Born into slavery in Florida in 1856, Timothy Thomas Fortune and his family were forced out of their home after the Civil War. During that time, reactionary and angry white mobs were killing blacks, Northerners, and Republicans to “redeem” the defeated South.
They eventually settled in Jacksonville, where Fortune began to work at a local newspaper as a compositor, or typesetter. In 1874, Fortune enrolled at the renowned Howard University in Washington, D.C., but was forced to leave due to his family’s financial predicament. He had to look for a job, and found it at a black newspaper.
Returning to Florida after marriage, he was once again driven away by the rampant and violent racism and eventually moved to New York City. While in New York, Fortune became active in the Afro-American League. He found employment with the New York Globe and also wrote a widely read book, Black and White: Land, Labor and Politics in the South (1884). He also offered work for the notable anti-lynching crusader, Ida Barnett Wells, after her Memphis newspaper offices were gutted by an antiblack massacre.
Fortune eventually found himself traveling around the South, where he composed notes on the worsening of white reaction and revanchism after the failure of Reconstruction. Jim Crow laws were being implemented and becoming more restrictive, and lynchings, massacres, and other outrages against the black masses were becoming more and more frequent. This was also the time of Plessy vs. Ferguson (1896), when separate but equal laws that would make law (again) the legal and social inequality of blacks in regard to whites. During his tour, he also became friends with Booker T. Washington, and synthesized Washington’s views in the 1898 book “The Future of the American Negro.”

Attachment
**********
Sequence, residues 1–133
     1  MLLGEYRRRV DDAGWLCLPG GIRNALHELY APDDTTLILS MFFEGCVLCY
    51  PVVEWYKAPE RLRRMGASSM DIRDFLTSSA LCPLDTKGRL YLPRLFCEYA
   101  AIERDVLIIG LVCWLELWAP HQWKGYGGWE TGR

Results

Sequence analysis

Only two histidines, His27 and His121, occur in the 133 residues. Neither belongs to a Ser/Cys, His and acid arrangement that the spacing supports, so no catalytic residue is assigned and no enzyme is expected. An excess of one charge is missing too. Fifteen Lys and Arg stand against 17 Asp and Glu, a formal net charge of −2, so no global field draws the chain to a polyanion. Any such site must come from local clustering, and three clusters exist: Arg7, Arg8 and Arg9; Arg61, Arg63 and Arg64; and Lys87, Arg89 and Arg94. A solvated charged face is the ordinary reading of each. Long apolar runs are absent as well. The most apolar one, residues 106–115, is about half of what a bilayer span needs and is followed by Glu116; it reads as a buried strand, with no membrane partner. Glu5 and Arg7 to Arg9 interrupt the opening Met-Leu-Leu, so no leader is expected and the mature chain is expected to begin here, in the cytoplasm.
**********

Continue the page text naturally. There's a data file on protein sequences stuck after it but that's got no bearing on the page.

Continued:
Fortune suffered a nervous breakdown for a myriad of reasons, namely, his friend Washington’s secret takeover of the New York Age. In the 1910s, he recovered and recuperated a bit of his self-esteem, continuing his journalism work. In 1923, he became editor of the UNIA organ, Negro World, serving in this capacity until his death in 1928.
Fortune, T. Thomas. Black and White: Land, Labor, and Politics in the South. Arno Press: 1968.
Tuskegee’s Point Man: Timothy Fortune
Thornbrough, Emma Lou. T. Thomas Fortune: Militant Journalist, Chicago: University of
Chicago Press, 1972.